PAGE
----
NEW YORK ( TheStreet) -- The ETF universe is expanding, and new products are launching on a weekly basis. While most large, liquid ETFs provide transparent, low-cost exposure to sectors and themes, the performance of some funds has been disappointing and even misleading for some investors. The advent of electronic trading has made it easier for individual investors to trade ETFs, but successful order execution requires more than just an idea and a computer screen. Whether you are looking to buy a large market index like the SPDR S&P 500 ETF ( SPY - Get Report) , a commodities fund like SPDR Gold Shares ( GLD - Get Report) or an international fund like Vanguard Emerging Markets ( VWO - Get Report) , the following tips will help you select "ETFs that work" and trade them successfully.
In order to test the liquidity of an ETF before purchase, investors should look at the prospective fund's average trading volume. Some very liquid ETFs like PowerShares QQQ ( QQQQ) will have three-month average trading volumes in the millions. ETFs with average daily trading volumes greater than 50,000 shares are generally liquid. Investors looking to buy a fund with lower trading volume should make sure that their order would not represent more than 10% of the trading volume on an average trading day.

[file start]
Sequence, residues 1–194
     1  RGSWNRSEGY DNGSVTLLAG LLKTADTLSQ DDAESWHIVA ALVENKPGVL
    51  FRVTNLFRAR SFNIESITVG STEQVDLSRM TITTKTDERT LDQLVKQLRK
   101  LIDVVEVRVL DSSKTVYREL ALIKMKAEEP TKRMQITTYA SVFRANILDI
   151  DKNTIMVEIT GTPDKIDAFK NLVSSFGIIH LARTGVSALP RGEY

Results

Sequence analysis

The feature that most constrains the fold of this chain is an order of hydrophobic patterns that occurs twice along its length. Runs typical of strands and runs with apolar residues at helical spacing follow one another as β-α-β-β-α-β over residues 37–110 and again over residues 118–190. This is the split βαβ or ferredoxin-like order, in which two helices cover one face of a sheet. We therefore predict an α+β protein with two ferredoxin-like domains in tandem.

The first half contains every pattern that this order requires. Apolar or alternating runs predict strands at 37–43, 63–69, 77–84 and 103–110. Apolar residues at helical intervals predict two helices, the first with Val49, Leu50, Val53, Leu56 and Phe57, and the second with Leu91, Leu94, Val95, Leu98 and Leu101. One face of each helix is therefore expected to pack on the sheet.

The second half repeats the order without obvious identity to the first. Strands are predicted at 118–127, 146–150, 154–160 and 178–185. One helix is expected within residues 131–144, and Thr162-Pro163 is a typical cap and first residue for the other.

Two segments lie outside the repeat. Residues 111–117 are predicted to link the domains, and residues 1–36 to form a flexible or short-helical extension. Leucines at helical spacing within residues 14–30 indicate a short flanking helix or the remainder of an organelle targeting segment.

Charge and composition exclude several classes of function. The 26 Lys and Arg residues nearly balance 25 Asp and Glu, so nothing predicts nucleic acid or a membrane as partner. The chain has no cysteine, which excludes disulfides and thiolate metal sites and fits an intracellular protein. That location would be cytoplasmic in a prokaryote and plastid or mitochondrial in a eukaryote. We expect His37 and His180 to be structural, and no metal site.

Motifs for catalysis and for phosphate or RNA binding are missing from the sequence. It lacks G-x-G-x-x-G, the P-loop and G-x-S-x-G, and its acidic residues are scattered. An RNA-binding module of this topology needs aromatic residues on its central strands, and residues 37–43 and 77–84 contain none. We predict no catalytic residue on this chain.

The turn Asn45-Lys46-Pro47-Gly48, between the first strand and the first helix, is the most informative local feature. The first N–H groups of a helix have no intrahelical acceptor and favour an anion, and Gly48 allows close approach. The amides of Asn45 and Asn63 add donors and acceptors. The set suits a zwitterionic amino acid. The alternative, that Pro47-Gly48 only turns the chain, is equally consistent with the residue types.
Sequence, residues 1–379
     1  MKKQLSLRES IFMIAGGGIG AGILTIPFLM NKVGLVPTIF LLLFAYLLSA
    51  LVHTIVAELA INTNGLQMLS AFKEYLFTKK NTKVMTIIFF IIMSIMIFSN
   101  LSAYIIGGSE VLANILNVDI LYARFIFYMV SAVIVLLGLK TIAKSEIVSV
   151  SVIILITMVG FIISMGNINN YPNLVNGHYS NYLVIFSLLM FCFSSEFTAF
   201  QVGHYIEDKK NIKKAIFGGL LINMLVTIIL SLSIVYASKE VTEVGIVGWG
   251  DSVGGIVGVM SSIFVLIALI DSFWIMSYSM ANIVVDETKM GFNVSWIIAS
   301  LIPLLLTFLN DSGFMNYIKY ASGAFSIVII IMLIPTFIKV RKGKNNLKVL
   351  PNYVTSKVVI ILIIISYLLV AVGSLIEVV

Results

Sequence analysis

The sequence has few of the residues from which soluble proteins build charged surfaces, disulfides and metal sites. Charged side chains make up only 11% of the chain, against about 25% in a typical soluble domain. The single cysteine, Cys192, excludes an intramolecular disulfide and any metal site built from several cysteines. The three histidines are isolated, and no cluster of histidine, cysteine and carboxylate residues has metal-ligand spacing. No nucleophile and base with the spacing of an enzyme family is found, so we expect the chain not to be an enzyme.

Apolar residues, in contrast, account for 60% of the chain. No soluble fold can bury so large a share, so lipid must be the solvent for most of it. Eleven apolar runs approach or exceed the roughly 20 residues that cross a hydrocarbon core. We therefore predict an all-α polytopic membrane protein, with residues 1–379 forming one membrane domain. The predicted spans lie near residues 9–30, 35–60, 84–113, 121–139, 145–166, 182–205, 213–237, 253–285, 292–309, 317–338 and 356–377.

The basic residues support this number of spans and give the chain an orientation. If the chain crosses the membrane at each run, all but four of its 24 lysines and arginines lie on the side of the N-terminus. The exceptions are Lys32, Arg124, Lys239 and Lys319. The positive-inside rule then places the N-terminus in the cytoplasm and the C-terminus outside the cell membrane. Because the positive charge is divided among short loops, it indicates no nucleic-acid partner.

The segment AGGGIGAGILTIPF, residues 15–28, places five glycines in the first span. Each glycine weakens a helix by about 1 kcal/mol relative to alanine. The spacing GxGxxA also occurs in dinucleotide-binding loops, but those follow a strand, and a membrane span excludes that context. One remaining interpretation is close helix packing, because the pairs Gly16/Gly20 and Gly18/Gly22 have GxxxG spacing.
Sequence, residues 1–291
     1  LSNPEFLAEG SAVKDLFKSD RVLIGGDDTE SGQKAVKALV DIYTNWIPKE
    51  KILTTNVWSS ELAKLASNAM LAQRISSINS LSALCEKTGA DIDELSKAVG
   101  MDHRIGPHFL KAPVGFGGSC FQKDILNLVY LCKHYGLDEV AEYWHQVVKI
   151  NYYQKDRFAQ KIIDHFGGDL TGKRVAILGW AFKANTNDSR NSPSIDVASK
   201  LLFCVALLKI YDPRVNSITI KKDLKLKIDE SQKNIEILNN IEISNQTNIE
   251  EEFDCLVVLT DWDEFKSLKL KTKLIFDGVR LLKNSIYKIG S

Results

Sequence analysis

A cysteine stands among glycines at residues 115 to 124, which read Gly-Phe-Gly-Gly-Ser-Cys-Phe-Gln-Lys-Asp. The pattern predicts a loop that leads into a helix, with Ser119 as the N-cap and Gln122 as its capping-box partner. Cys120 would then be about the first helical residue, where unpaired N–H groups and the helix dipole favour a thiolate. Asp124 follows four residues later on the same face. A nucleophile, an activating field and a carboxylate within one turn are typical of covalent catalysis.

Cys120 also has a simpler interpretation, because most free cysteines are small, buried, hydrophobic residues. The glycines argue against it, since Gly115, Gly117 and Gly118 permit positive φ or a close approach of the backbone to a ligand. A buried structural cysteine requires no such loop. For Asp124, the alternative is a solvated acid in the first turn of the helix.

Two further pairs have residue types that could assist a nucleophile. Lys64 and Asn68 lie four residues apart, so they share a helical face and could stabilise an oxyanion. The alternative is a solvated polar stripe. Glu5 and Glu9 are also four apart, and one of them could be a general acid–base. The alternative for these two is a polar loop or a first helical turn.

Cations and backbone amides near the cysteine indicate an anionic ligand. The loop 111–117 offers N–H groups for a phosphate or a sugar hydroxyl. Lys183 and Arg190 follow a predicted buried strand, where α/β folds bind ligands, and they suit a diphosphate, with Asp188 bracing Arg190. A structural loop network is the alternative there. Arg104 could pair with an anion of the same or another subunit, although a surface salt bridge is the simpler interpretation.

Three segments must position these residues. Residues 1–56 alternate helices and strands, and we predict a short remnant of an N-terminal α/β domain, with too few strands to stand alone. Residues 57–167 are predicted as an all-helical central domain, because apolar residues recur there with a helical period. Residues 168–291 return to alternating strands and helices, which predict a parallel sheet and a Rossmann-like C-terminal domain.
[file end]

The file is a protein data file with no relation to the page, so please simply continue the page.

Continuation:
There are several order types that investors commonly use when executing ETF trades. A market order, which is time sensitive but not price sensitive, executes immediately at the next bid or offer. If an ETF is liquid with a tight bid/ask spread near NAV, a market order should be sufficient to get an appropriate price. Investors who insist on trading less liquid products, with larger bid/ask spreads, may have better luck trading with limit orders. Rather than entering a market order, which sweeps the book without regard to price, investors in illiquid ETFs may be better entering a limit order at last sale. While this method does not guarantee execution, limit orders are price sensitive. By entering a limit order, you can be assured that you will not get five different prices during execution, with each price further away from NAV. The variety and complexity of ETF products requires basic knowledge of trading principles in order to get successful execution. These three tips are a good place to start. -- Written by Don Dion in Williamstown, Mass.